The Cardinals of the Holy Roman Church

Biographical Dictionary
Pope Pius VII (1800-1823)
Consistory of August 24, 1807 (IX)


(41) 1. GUIDOBONO CAVALCHINI, Francesco (1755-1828)

Birth. December 4, 1755, Tortona. Son of Pietro Alberto Guidobono Cavalchini, baron of the Holy Roman Empire, and Antonia Maria dalla Valle Agnelli Maffei, patrician of Casale Monferrato. Grand-nephew of Cardinal Carlo Alberto Guidobono Cavalchini (1743). His last name is also listed as Cavalchini Guidobono.

Education. Initially, he studied in Tortona; then, at Collegio Clementino, Rome, 1769, under the protection of his grand-uncle; and later, at the Pontifical Academy of Ecclesiastical Nobles, Rome, 1775 (diplomacy).

Early life. Privy chamberlain supernumerary of His Holiness, 1779. Entered the Roman prelature as domestic prelate of His Holiness in 1780; named referendary on July 6, 1780. Relator of the Sacred Consulta, 1784; and premier assessor of the criminal tribunal of the governor of Rome, February 14, 1785. Cleric of the Apostolic Chamber, February 21, 1794. Prelate of the S.C. of Ecclesiastical Immunity before March 15, 1794. After the restoration of the papal government in Rome, he was named member of the congregation for the reestablishment of the former system of government, July 9, 1800. Governor of Rome and vice-camerlengo of the Holy Roman Church, October 30, 1800 until April 6, 1817. Named, before December 17, 1800, member of the commission for the revision of the businesses of the Giunta di state put in place by the Neapolitan authorities. First assessor of the tribunal of the Sacred Consulta, 1801. After the entrance of the French army in Rome, he was arrested on April 21, 1808, imprisoned in Castello Sant'Angelo; then, for three months, interned in the fortress of Fenestrelle; later, exiled to the south of France (1). After the restoration of the papal authority in Rome, he was reestablished in his post of governor of Rome (but not in its functions, which were entrusted to a pro-governor) on September 23, 1814 (2).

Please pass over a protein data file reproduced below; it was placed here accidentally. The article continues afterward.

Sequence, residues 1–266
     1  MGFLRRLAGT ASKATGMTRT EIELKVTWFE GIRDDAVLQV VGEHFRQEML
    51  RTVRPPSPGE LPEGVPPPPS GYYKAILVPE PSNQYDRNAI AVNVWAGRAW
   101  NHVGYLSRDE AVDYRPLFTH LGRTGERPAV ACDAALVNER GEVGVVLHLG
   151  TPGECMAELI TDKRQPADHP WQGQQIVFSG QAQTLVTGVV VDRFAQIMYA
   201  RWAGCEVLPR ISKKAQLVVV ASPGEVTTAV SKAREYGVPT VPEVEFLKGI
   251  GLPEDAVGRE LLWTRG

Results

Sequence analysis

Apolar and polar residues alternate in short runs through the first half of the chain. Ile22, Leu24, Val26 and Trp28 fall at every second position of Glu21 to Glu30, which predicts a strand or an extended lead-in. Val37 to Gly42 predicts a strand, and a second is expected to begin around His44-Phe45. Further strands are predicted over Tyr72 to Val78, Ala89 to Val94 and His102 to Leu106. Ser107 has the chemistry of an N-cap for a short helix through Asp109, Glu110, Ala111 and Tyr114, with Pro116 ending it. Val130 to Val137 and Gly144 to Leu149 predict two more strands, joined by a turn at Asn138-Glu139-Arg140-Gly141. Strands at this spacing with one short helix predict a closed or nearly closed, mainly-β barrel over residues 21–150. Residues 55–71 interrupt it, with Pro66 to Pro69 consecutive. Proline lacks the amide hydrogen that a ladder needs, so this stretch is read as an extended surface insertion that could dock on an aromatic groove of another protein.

Sacred orders. (No information found).

Cardinalate. Created cardinal and reserved in pectore in the consistory of August 24, 1807; published in the consistory of April 6, 1818; received the red hat, April 9, 1818; and the deaconry of S. Maria in Aquiro, May 25, 1818. Named abbot of Farfa and S. Salvatore Maggiore before June 17, 1818. Granted a one year prorogation to receive sacred orders, June 18, 1819. Camerlengo of the Sacred College of Cardinals, April 19, 1822 until 1823. Participated in the conclave of 1823, which elected Pope Leo XII. Prefect of the S.C. of Good Government, January 30, 1824.

Death. December 5, 1828, Rome. Exposed and buried in his deaconry, where the funeral also took place.

Bibliography. Boutry, Philippe Souverain et Pontife : recherches prosopographiques sur la curie romaine à l'âge de la restauration, 1814-1846. Rome : École française de Rome, 2002, pp. 344-345; Del Re, Niccolò. Monsignor governatore di Roma. Rome : Istituto di Studi Romani Editore, 1972, p. 122-123; LeBlanc, Jean. Dictionnaire biographique des cardinaux du XIXe siècle : contribution à l'histoire du Sacré Collège sous les pontificats de Pie VII, Léon XII, Pie VIII, Grégoire XVI, Pie IX et Léon XIII, 1800-1903. Montréal : Wilson & Lafleur, 2007. (Collection Gratianus. Série instruments de recherche), p. 237-238; Ritzler, Remigium, and Pirminum Sefrin. Hierarchia Catholica Medii et Recentioris Aevi. Volumen VII (1800-1846). Patavii : Typis et Sumptibus Domus Editorialis "Il Messaggero di S. Antonio" apud Basilicam S. Antonii, 1968, pp. 14 and 45.

Link. His engraving by Gioacchino Lepri, Biblioteca Apostolica Vaticana.

(1) During his absence from Rome and until the deportation of Pope Pius VII, he was substituted by pro-governors Tommaso Arezzo and Francesco Serlupi.
(2) His functions were exercised in his place by vice-governors Giacomo Giustiniani, Stanislao Sanseverino and Tiberio Pacca, who succeeded him in the post in 1817.

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